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Why The Left Is Attacking Amy Coney Barrett For Adopting Kids From Haiti

ACB adoption

When rumors suggested Friday that President Donald Trump was set to nominate Judge Amy Coney Barrett to the Supreme Court, a particularly vile line of attack began to emerge from leftist activists and blue checkmarks on Twitter.

While some of these tweets were later deleted or walked back, the left had tipped its hand: Barrett’s two young, adopted children are not considered out-of-bounds for witch hunts and smears.

Nor was this line of questioning limited to Twitter, according to Diane Kunz of the Center for Adoption Policy. Kunz, who was actively involved in the Obama administration’s effort to expedite 1,152 adoptions from earthquake-stricken Haiti in early 2010, said a major mainstream newspaper contacted her on Thursday with detailed questions about Barrett’s Haitian adoptions.

“I told them there was nothing there,” Kunz said. “Furthermore, I told them no one has a right to this information. Children’s adoption files should never be the target of a political investigation.”

By the time Barrett’s nomination was announced on Saturday, the attacks got even uglier, less focused on insinuations of corruption and more on racial ideology. Ibram X. Kendi, the vaunted prophet of “antiracism,” weighed in with the following commentary, originally juxtaposed against a purported photo of Barrett’s family.

Not to be outdone, leftist historian Ruth Ben-Ghiat jumped in to compare the Barretts’s adoption to the actions of Nazis.

In a final bizarre twist, an actual Nazi weighed in. Surprise! He hates white families adopting black children too.

Why Would the Left Go There?

As outrageous as these attacks are, this isn’t the first time a Supreme Court nominee’s adopted children have become a target. In 2005, when now-Chief Justice John Roberts was under consideration for the Supreme Court, The New York Times launched an investigation into the adoption records of his two young children.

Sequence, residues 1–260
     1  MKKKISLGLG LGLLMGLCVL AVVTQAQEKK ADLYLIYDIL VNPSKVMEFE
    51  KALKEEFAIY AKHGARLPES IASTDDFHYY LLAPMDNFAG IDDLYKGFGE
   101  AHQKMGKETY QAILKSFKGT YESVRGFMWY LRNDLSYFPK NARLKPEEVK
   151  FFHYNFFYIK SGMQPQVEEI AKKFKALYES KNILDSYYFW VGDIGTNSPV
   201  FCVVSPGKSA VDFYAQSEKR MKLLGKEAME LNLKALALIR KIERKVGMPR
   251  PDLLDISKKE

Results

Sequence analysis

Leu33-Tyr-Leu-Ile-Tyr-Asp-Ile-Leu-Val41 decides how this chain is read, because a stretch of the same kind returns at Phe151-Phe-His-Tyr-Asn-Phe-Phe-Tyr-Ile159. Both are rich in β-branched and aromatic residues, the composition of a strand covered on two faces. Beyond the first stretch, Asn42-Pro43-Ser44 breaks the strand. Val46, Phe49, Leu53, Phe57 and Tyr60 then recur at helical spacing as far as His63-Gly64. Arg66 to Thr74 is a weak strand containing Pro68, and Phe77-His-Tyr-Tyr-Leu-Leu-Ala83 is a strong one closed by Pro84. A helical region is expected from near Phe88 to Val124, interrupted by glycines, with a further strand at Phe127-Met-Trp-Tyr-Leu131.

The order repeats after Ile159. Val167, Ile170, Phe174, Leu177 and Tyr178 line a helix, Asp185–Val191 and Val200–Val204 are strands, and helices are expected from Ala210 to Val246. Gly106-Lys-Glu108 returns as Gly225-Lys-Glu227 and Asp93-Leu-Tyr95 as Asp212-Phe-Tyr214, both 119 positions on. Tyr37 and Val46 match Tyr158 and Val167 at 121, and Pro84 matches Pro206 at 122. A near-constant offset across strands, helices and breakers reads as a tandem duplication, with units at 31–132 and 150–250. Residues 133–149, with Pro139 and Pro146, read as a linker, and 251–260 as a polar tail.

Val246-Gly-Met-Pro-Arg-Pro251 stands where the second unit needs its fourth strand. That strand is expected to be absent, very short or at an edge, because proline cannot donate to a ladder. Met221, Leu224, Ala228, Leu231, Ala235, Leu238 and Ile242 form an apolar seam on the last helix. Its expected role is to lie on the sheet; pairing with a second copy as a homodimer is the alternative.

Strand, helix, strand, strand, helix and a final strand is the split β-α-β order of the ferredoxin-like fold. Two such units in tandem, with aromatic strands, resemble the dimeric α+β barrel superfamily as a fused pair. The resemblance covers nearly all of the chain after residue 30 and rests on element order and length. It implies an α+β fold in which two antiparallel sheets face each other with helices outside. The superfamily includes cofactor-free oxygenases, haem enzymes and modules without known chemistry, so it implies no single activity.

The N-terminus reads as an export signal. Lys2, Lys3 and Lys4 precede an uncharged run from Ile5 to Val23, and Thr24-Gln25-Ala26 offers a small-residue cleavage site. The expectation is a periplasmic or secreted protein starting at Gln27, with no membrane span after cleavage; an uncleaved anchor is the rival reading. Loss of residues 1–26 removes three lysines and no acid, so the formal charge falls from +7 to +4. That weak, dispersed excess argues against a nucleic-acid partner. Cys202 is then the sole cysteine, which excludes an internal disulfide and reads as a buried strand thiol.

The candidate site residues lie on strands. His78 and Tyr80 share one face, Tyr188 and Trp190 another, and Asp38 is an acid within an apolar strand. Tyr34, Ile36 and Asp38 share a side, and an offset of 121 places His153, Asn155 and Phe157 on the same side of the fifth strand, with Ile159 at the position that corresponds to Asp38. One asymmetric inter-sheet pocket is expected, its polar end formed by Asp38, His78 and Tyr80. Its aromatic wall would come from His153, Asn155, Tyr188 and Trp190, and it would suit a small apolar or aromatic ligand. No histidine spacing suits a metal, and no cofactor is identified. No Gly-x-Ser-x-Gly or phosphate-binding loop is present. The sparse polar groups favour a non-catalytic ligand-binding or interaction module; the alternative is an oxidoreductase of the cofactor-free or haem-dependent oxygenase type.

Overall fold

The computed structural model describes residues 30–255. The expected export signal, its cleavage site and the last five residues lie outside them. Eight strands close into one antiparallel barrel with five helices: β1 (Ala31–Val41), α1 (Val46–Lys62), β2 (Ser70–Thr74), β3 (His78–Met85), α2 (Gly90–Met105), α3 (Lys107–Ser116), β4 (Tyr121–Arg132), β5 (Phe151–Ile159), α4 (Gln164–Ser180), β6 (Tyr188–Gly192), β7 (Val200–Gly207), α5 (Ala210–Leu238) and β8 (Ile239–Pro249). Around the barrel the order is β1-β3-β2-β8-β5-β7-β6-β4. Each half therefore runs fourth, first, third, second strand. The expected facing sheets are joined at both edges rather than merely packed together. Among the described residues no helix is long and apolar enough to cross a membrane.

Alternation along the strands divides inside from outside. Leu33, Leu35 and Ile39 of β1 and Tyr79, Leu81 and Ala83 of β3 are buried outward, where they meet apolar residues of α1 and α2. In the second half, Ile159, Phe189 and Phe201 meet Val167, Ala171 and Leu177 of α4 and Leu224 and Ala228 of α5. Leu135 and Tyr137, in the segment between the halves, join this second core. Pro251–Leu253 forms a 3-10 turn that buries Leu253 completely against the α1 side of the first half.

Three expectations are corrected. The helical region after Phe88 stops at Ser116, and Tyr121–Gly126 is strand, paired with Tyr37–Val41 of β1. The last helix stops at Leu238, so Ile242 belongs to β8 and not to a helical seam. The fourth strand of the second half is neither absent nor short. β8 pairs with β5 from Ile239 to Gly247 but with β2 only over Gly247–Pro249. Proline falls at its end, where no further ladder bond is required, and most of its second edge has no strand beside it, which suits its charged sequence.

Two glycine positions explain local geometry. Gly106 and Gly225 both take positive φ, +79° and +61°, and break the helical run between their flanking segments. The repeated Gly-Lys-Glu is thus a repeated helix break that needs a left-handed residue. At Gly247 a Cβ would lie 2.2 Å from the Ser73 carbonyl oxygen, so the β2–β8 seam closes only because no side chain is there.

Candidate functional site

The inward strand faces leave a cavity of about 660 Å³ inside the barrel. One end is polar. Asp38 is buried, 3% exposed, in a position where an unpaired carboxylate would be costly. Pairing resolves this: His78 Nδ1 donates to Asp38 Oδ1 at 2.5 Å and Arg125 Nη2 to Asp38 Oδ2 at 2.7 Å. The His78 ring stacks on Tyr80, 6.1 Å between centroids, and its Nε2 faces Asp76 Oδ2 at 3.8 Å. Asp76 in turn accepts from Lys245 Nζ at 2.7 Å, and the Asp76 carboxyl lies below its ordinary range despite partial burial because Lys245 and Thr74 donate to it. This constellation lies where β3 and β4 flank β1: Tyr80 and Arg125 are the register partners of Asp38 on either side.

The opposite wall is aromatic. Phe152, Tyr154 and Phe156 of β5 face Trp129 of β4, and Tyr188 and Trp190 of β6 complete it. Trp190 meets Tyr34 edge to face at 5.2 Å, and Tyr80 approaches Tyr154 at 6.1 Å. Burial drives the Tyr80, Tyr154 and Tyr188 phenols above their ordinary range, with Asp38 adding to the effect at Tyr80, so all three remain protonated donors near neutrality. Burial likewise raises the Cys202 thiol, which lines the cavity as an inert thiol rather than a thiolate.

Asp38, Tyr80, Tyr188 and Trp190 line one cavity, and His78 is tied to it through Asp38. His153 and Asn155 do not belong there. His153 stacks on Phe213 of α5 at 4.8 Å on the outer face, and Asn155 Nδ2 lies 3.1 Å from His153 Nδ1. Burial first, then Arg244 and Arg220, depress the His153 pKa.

The National Council for Adoption quickly issued a press release in defense of the Roberts children’s privacy, denouncing the Times’ “shameful disregard for the integrity of the family in general and the adoptive family in particular.” In the ensuing backlash, the Times dropped the story.

Indeed, attacking a nominee or other politician — the media also mocked Mitt Romney’s adopted grandson in 2013 — over adoption typically backfires. Americans on the whole value and respect adoptive families, and all decent people are disgusted when children bear the brunt of a politically motivated smear.

“Children’s personal life stories are private, and that is no less true for children placed for adoption,” Ryan Hanlon of the National Council for Adoption commented over the weekend. “Journalists, social media commentators, politicians, and others should respect these children’s privacy and not make unsubstantiated claims for political gain.”

So why would leftist media and activists so quickly turn to this ugly, losing tactic against Barrett? Quite simply, they can’t help themselves. In this new era of puritanical progressive fervor, political savvy has taken a back seat to ideology, and leftist ideology hates intercountry adoption.

In a Racial Struggle, There’s No Room for Love

A growing segment of the race-obsessed left looks at a family like the Barretts and sees precisely what Kendi described: not a beautiful picture of love and humanity, but a sinister picture of colonialism and “white saviors.” In an ideology that views all human relationships through the lens of racial struggle, there’s no room for familial love across racial lines.

There certainly isn’t room to consider practical, compassionate solutions for the world’s millions of orphans. There must be a victim and a villain here. In cartoonish fashion, it’s easy to tell the one from the other — by the color of their skin.